Unfortunately, getting permission from someone who actually has his lawyer on the phone at that moment takes more time than getting permission from someone not similarly encumbered. So by the time police get to the room, it’s empty and the window is open. The window is open because Richard Lund—who may or may not have been the doorman in question—has just jumped from it.4
Onto Bruce Cearlock.
Let’s look at the case for a moment from Mr. Cearlock’s point of view.5 He’s standing outside the bar his wife owns. Honest, his wife owns the bar next door to Heaven. Talk about marrying well.
Anyway, he’s just standing there when, according to plaintiff’s opening statement, “he was slammed to the sidewalk when a man (Lund) jumped out the window of the Theater and landed on him.”
Man, that’s gotta hurt.
I’ve watched enough television wrestling to know that having someone jump on you from a turnbuckle pretty much takes you out of championship belt contention, and those things are only about five feet off the ground. Having a guy jump on you from the second story ... well, let’s just say that probably makes it unnecessary for the referee to start the count.6
So that’s the case. Mr. Cearlock argued the bar and its owners were liable under respondeat superior and because they helped Mr. Lund try to evade arrest; ultrahazardous activity called for strict liability. The trial judge listened to those facts as set out in the opening statement and granted a nonsuit in favor of Heaven and Heaven’s owners, including Peter Lambertson.
My colleagues on the court of appeal agreed. The trial judge nailed this one. Which was remarkable because the case gods seem to have decided it was too easy, so they tossed a couple of astonishingly perplexing facts into the opening statement—just to try to throw the trial judge off his game.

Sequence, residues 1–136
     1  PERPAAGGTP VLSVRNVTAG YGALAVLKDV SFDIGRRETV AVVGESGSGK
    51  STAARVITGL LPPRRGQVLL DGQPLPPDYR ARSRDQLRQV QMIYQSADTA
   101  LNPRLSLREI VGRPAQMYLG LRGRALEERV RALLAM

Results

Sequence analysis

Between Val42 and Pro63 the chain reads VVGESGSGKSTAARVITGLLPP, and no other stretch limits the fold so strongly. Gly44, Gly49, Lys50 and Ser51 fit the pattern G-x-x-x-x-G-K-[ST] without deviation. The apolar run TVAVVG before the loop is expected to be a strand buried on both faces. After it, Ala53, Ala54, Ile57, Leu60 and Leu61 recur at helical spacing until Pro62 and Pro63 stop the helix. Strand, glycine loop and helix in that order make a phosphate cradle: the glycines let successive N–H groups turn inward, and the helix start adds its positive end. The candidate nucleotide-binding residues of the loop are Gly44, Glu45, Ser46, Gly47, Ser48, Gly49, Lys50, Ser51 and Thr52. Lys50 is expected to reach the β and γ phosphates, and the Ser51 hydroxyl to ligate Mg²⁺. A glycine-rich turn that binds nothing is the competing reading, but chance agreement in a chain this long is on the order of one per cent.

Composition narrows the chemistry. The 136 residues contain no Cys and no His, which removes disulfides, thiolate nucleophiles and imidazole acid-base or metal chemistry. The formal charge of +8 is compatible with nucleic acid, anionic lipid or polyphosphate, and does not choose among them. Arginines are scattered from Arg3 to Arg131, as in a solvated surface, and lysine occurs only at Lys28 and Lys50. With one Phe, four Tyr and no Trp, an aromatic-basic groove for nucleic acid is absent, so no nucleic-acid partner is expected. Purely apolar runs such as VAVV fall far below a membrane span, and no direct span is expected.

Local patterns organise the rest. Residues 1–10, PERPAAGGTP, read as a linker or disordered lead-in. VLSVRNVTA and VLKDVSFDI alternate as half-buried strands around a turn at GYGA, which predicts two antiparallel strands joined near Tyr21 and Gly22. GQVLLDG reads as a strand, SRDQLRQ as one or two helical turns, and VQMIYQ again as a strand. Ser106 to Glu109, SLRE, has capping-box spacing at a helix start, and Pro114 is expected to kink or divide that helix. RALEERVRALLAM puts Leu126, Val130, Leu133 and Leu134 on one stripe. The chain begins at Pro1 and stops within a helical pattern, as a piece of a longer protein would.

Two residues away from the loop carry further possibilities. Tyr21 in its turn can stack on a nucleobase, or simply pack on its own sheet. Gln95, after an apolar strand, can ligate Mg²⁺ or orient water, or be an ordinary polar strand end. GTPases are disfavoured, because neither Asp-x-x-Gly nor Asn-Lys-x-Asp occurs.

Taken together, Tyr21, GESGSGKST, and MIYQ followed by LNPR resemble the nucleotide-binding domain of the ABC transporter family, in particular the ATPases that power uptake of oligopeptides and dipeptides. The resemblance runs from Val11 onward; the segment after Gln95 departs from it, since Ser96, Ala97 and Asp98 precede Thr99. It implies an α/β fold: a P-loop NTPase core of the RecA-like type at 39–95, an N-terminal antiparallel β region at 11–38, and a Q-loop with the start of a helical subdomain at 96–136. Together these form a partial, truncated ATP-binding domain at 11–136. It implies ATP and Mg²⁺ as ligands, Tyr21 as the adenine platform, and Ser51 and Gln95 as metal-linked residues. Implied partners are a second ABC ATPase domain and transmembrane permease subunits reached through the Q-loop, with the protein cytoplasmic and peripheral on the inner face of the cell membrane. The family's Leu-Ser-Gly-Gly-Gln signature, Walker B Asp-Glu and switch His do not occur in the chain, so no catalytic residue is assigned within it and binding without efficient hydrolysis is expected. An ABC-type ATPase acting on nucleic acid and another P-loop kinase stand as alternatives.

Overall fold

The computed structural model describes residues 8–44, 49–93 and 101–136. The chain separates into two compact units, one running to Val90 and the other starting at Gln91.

First, Mr. Cearlock’s lawyer had to admit he had no proof Mr. Lund was an employee of Heaven. They thought he was; he had been seen hanging around there a lot; but “there were no records showing who was working at the theater that night because the theater did not keep such records,” so counsel did have a slight proof problem in that respect.
After all, respondeat superior generally requires that the superior be respondeating for something done by one of his agents. Cearlock’s proof about Lund’s agency at the theater was less than crystal regarding who—if anyone—was responsible for his actions other than him.
To fill this lacuna, Cearlock offered to prove that Lund was a doorman by trade—presumably to make it more likely he was the doorman at Heaven. How? By proving that his wife had hired him as a doorman for her bar after he fell on her husband.7
Mrs. Cearlock fired Lund as soon as she found out he was that Richard Lund. And how do you suppose she found out? I like to think her husband identified him. “Excuse me, I have to get down here on the floor and look up at you to see if I recognize your butt. Yep, that’s him; fire him, Honey.”